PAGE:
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April 24, 2006
Volume 84, Number 17
p. 48

Kids And Cartoons

An animated molecular fantasy from the Molecularium Project teaches about chemistry

Elizabeth K. Wilson

If you grew up in the 1970s, you'll likely remember "Schoolhouse Rock," the series of Saturday morning song-and-dance cartoons that craftily indoctrinated us in civics and multiplication tables while posing as entertainment. Who could forget "I'm Just a Bill," the how-a-bill-becomes-a-law tune sung by an animated scroll dancing on the steps of the Capitol building? Or the infectious odes to adjectives, adverbs, and nouns?

No such popular ditties existed, however, for teaching us the basics of chemistry: about atoms, molecules, and chemical reactions.

Courtesy of Rensselaer/Molecularium

Animated Atoms Oxy the oxygen atom and Carbón the carbon atom discover the amazing world of molecules in the animated feature "Riding Snowflakes."

Happily, today's kids may be able to grow up thinking as fondly of oxygen, bonding, and polymers as we did of conjunctions and the Constitution. The Molecularium Project, a new approach for teaching children chemistry, has similar inculcative promise. The project produces animated musicals with high-tech graphics projected onto the expansive dome of a planetarium. The viewer experiences an enveloping, 3-D-esque journey into the molecular structure of materials.

The Molecularium Project's 23-minute first show, "Riding Snowflakes," is now making the planetarium circuit around the U.S. It stars an inquisitive oxygen atom named Oxy and her two diminutive hydrogen sidekicks, Hydro and Hydra. With electrons orbiting around their midsections, the cherubic atoms travel in the Molecularium, a spaceshiplike vehicle that zips through outer space, down to the surface of a snowflake, and finally inside icy crystals. They also explore the molecular structure of chewing gum, a penny, plastic, and a cell. Along their journey, they meet life-loving Carb??n, who teaches them about molecules like DNA and proteins.

"Atoms are amazing. We make everything," Oxy and Carbón trill in one of several musical numbers. Carbón's invigorating salsa number, "Carbon Is Incredible," extols the magic of element six, which you find "in your pencil leads and your diamond rings."

"Riding Snowflakes" is far more than just a glib cartoon. Not only was it made with professional artists and actors, but the computer animation is on par with major motion pictures like "Finding Nemo," and the science is painstakingly accurate, right down to the 104.5o bond angles of the water molecules. The expanse of molecules stretching across the planetarium dome and jiggling around as they heat up is the product of full-scale molecular dynamics simulations.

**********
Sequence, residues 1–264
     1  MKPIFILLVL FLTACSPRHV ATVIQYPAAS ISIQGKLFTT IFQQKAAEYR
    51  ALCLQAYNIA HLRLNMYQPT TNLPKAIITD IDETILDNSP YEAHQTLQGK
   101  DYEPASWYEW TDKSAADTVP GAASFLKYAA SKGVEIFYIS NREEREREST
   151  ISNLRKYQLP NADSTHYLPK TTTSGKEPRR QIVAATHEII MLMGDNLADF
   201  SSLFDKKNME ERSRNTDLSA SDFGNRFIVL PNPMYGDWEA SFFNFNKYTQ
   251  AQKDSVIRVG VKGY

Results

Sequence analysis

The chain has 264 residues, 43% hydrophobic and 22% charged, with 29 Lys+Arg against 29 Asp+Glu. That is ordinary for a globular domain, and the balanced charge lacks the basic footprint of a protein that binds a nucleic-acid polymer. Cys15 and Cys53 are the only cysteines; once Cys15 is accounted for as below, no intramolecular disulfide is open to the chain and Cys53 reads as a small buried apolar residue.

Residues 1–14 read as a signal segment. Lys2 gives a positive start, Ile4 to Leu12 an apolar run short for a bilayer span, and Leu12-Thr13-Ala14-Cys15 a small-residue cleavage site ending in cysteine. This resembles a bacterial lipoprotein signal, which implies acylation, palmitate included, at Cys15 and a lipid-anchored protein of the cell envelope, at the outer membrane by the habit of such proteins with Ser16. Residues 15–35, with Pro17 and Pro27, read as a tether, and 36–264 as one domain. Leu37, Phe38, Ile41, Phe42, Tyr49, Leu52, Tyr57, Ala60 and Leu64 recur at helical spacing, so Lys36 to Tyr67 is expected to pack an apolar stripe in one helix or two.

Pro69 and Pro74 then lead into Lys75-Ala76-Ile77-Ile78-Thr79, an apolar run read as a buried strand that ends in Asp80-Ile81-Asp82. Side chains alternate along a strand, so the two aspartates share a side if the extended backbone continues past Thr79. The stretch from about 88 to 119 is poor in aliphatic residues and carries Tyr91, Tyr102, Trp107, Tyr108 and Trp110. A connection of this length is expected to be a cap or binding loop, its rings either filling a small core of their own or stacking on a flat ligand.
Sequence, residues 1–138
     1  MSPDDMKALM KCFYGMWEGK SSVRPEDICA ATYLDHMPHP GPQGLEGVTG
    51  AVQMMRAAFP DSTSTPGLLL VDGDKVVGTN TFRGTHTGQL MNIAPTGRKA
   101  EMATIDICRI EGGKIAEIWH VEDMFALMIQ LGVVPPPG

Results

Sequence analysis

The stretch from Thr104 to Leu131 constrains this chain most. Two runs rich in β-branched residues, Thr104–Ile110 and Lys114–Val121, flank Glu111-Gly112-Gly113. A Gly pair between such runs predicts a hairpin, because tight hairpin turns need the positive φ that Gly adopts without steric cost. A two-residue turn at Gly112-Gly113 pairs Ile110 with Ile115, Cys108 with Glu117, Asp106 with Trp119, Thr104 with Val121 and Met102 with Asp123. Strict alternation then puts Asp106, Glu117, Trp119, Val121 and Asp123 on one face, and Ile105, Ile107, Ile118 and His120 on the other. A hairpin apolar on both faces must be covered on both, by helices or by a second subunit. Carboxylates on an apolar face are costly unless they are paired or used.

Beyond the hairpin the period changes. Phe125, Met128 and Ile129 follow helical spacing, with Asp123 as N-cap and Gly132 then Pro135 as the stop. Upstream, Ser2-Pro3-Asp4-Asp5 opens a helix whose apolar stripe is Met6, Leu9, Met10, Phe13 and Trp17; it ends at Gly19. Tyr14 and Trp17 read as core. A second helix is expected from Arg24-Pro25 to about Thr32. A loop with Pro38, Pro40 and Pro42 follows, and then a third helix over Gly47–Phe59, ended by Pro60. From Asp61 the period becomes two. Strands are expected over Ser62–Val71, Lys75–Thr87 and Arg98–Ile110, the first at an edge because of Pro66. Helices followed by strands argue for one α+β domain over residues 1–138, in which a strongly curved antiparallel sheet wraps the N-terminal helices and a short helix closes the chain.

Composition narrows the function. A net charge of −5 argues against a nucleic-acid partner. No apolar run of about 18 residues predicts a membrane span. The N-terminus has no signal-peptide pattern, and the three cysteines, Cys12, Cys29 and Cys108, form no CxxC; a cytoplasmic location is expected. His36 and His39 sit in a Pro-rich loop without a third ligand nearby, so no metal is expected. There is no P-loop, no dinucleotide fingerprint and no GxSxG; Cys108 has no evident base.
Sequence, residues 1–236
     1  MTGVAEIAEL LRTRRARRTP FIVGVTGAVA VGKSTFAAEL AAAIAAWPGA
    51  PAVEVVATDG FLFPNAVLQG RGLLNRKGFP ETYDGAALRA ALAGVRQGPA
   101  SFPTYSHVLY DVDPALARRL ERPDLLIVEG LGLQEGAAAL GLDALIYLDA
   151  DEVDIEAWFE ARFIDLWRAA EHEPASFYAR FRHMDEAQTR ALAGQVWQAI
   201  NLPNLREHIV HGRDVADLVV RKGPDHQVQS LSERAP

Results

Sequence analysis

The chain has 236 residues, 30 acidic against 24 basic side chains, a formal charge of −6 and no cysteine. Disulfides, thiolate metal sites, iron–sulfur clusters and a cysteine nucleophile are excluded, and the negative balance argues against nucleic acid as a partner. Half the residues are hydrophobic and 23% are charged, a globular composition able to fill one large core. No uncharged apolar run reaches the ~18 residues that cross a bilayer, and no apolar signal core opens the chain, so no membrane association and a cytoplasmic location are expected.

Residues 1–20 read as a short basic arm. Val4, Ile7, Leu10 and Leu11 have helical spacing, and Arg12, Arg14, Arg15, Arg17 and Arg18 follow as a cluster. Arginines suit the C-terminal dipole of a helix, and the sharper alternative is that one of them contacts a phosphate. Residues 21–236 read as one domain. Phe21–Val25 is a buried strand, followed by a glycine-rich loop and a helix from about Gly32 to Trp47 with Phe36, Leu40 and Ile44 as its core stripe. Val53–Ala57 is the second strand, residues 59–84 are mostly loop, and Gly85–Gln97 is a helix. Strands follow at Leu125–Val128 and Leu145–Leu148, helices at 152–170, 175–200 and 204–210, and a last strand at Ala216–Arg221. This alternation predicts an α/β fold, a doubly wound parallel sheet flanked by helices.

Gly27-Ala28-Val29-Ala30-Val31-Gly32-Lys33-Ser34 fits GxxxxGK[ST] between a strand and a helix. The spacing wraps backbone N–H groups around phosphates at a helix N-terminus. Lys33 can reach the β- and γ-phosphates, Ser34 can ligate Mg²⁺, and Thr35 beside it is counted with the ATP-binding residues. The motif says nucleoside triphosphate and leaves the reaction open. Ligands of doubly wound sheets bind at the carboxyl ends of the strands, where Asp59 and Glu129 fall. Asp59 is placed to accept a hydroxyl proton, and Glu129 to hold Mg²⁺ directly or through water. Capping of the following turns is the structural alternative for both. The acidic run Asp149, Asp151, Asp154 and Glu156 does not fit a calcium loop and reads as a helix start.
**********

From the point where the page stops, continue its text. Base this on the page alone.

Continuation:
"We're conveying science in honest ways," says Shekhar Garde, professor of chemical and biological engineering at Rensselaer Polytechnic Institute, Troy, N.Y., and one of the Molecularium Project's three executive producers.

Linda S. Schadler, materials engineering professor at Rensselaer, got the idea for Molecularium five years ago while brainstorming for an educational outreach project for children. Schadler, who is one of Molecularium's executive producers, was inspired by the large new planetarium at the Children's Museum of Science & Technology in Troy. "The idea of being inside a material came to me," she says.

"Riding Snowflakes" made its debut at the Children's Museum, where it's still showing. It also began playing last November at the Chabot Space & Science Center in the hills of Oakland, Calif., where thousands of people have already seen the show. Last month at Chabot, Rensselaer Polytechnic Institute held a gala reception and special showing of "Riding Snowflakes."

Today's kids may be able to grow up thinking as fondly of oxygen, bonding, and polymers as we did of conjunctions and the Constitution.

Before the event, Garde and Richard W. Siegel, director of the Rensselaer Nanotechnology Center and another of Molecularium's executive producers, talked with C&EN about the evolution of the Molecularium Project.

With a small amount of funding, the team put together a pilot show in which the animation consisted only of basic stick figures. Still, kids who were tested after the show had grasped the concept of atoms and molecules. "It was clear that it worked even in a very crude format," Siegel says.

They then won a generous grant from the National Science Foundation and brought in the "big guns." "We wanted Hollywood-style animation," Siegel says. They hired computer animators, professional actors, singers, songwriters, and directors and writers who have worked at MTV, Nickelodeon, Showtime, and Discovery Channel.

They're continuing to assess how much chemistry children are absorbing after watching "Riding Snowflakes." Judging from the shrieks in the audience at the Chabot showing, the kids are having fun, too.

As for the future, the team members are upgrading their computer systems and raising funds for a new Molecularium show. They're also planning to translate "Riding Snowflakes" into other languages, particularly Spanish and Japanese. The project might lend itself to IMAX venues, Siegel says.

"We need a science-literate public," Schadler says. "We want to introduce some of the most basic scientific concepts so people can understand what's going on with the technology that is changing our lives."

Chemical & Engineering News
ISSN 0009-2347
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